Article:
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Allan Holdsworth

A beginner's guide to

Classic Rock, May 2000

Andy Robson

As guitar gods go, Allan Holdsworth is the world's best kept secret. Over the last three decades his guitar pyrotechnics have roared, spat and sung for Jon Hiseman's Tempest and Bill Bruford's UK; he brought a rock swagger to Soft Machine's jazz noodles, and put the bang into Gong, not to mention the phew! into the fusion of Tony Williams' Lifetime. Even Eddie Van Halen fell under the spell of Holdsworth's furiously melodic style and wangled him a deal with Warner Brothers.

Yet if Allan Holdsworth ever gets to be a rich man, it'll be down to beer, not the guitar talent that left Bill Bruford wondering why Holdsworth isn't a superstar in the Clapton class. Because Holdsworth's more interested in real ale than the unreal nature of fame. While most American axe-meisters want to dazzle you with their record sales, Holdsworth purrs because "I've patented this system of hand pumping ales, using the classic swan neck they use in Yorkshire, that the micro-breweries in the USA would love. All I've got to do is sell them a few..."

And there, of course, lies the rub. Because genius of the guitar and home brew he may be, but selling himself has never been Allan's strong point. Not that the lugubrious (aka hung-over) Holdsworth seems too worried. He's back in the UK for a few days, so he'll have the chance to pound the ales, especially in home-town Bradford, where the Tetleys, Thwaites and Timmy Taylors await him. And, oh yes, he's got a new album out, 'The Sixteen Men Of Tain', named after the mysterious guardians of the Glenmorangie distillery. Ah, booze again. Do I detect a theme?

"I don't drink a lot of hard liquor, I'm still a beer man," grins Holdsworth, "but I liked the idea of a hand-crafted, high quality thing that is a single malt, and I think there's something of that in the album." It's certainly a hand-crafted affair. Holdsworth recorded, produced and mixed the album in his own home studio. He's aided and abetted by Dave Carpenter on bass and Gary Novak on drums, with Holdsworth's old pal and ex-Zappa confrere Chad Wackerman also guesting. The results are jazzier, more intimate than Holdsworth's assault guitar of Lifetime days, or indeed from his last group outing, 'Hard Hat Area', back in 1993.

The following years weren't good to Holdsworth. After 'None Too Soon' in 1996, an album with long time collaborator Gordon Beck, - "I felt more like a guest on someone else's album" - Holdsworth went two years without a record label. It was hardly a new situation for him after all, he'd lost his lucrative Warner's deal back in the 80s because he refused to compromise or ditch his pals.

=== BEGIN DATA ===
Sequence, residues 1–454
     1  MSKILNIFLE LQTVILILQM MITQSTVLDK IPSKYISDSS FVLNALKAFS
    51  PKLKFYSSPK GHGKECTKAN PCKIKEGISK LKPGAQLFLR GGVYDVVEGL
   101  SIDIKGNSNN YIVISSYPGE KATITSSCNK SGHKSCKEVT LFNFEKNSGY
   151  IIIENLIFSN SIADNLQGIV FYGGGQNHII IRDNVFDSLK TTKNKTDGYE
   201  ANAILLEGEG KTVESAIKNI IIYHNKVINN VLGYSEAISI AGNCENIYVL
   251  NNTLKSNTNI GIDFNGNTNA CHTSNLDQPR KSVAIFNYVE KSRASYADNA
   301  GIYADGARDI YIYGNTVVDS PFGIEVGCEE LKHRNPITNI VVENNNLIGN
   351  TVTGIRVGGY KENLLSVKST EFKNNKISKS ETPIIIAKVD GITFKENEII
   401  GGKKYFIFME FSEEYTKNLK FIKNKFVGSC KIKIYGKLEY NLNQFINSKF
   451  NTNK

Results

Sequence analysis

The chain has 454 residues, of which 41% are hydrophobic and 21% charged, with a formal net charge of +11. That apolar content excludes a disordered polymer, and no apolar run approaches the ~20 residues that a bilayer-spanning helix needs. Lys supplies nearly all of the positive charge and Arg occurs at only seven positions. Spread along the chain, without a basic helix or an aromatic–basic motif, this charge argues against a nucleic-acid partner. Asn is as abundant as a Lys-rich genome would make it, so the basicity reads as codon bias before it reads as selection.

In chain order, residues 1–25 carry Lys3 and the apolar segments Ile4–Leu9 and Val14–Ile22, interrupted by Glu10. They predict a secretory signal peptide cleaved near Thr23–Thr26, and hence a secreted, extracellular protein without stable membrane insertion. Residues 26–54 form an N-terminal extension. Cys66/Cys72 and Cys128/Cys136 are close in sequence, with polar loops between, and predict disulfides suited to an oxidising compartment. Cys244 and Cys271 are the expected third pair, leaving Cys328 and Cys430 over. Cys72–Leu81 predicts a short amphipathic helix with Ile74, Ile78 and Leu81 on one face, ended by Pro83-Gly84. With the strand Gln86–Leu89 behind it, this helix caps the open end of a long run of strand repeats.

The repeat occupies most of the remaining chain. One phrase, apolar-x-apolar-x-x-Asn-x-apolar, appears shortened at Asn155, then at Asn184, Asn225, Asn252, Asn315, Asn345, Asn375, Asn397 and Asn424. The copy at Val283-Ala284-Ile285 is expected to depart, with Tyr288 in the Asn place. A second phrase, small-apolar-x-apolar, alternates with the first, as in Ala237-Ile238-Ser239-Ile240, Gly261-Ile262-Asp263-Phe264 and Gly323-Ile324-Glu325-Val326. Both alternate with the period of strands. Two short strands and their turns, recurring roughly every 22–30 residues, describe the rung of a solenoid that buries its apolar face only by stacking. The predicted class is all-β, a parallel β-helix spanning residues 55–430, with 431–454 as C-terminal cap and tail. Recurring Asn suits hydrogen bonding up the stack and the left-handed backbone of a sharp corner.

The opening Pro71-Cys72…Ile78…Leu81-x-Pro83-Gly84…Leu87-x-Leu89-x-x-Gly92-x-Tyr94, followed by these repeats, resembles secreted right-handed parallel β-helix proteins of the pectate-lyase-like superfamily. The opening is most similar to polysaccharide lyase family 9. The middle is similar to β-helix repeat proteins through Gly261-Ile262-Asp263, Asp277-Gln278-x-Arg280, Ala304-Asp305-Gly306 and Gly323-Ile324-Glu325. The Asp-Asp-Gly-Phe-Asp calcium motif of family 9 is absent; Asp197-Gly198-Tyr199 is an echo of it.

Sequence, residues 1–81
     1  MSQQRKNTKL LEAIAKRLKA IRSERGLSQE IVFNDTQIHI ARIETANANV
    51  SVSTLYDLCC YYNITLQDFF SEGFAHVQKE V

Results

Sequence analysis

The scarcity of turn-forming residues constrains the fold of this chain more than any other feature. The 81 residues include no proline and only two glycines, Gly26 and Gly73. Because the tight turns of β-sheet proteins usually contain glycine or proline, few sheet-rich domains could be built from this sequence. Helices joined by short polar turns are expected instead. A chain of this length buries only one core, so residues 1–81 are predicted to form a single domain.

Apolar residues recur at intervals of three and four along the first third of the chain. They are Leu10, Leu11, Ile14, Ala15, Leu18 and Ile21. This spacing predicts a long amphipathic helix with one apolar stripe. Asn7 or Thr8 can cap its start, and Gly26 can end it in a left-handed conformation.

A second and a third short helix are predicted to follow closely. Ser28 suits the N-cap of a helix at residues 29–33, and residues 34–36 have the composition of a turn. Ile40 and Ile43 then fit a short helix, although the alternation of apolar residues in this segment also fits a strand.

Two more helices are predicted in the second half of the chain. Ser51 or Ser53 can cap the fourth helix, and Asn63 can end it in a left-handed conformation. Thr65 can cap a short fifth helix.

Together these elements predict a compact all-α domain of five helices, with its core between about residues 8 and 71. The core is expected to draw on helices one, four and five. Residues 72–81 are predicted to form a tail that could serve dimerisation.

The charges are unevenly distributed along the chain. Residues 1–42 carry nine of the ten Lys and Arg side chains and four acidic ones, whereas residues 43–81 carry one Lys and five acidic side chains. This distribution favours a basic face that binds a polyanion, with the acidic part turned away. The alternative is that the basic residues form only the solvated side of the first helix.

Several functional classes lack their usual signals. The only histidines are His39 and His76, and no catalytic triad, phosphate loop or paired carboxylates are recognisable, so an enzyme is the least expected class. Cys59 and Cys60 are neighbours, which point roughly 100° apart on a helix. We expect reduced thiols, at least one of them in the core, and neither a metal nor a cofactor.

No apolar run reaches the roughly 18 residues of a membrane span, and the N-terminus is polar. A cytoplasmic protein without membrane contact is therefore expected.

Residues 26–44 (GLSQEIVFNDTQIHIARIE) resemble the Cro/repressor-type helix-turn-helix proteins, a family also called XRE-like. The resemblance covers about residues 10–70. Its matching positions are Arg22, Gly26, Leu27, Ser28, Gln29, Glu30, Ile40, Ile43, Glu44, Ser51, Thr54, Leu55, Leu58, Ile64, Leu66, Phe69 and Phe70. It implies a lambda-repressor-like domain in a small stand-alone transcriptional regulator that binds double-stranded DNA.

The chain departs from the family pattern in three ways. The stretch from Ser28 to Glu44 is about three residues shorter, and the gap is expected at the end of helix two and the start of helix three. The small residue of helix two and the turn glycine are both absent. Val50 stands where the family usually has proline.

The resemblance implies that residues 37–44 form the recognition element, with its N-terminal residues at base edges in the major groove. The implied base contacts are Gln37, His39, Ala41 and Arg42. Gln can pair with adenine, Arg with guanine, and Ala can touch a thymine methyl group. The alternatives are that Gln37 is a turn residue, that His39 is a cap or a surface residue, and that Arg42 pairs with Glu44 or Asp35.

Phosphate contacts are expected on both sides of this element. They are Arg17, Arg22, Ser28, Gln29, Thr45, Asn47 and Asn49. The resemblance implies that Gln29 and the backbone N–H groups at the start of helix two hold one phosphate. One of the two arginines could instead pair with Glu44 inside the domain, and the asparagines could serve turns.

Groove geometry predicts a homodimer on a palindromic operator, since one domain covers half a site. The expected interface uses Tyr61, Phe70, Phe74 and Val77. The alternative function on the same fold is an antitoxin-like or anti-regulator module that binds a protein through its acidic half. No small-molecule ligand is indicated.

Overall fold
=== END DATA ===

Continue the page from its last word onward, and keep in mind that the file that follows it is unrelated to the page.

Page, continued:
"Eddie (Van Halen) brought the President of the company along to hear me and essentially got us signed," he says. "Then it all went wrong because they wanted a different drummer and singer. But I'd already hired the band with Paul Williams on vocals. Ted Templeman, the producer, listened to shit over the phone - I mean, how can you listen to shit over the phone? - and said he wanted a different singer.

"So I offered him Jack Bruce, an old mate of mine, and Ted, who never came near the studio, said 'Yeah, great, gold record.' But at the last minute I switched the mixes on 'Road Games', the title track, not because Jack wasn't good, he was, but because of my friendship with Paul. And then I got a phone call from Templeman while we were on the road, saying 'That's it, you're fired, you're off the label' I sacrificed my record deal because of him (Williams). A fucking miserable experience for both of us."

So hurrah for Gnarly Geezer, a label looking for, in Holdsworth's own self-deprecating words, "Guys who might have got lost, or didn't have the right opportunity". They rescued Holdsworth from his deal-free state, released 'The Sixteen Men Of Tain' (through Cream Records in Europe and awarded four stars last issue), and now he has a follow-up in the can, also a trio, but with Gary Husband, another of Holdsworth's old muckers, on drums.

Holdsworth's solo endeavours and his work alongside Bruford and with bassist/vocalist John Wetton and keyboard player/violinist Eddie Jobson in UK - their 1978 'In The Dead Of Night' album is considered a classic - have won him many admirers around the world. But no matter how far Holdsworth travels from his native Bradford, he reckons he's still '... the same guy playing on the new one as on any of my albums. I'm just a lot older and a lot wiser. I enjoy life more than ever. The women look better, the beer tastes better. The only thing that's not better is when I look in the mirror. And that's hell."

We all know that feeling. It's enough to drive a fellow to drink.

Transcribed by Per Stornes
Updated: March 1, 2001
Scheduled update: None

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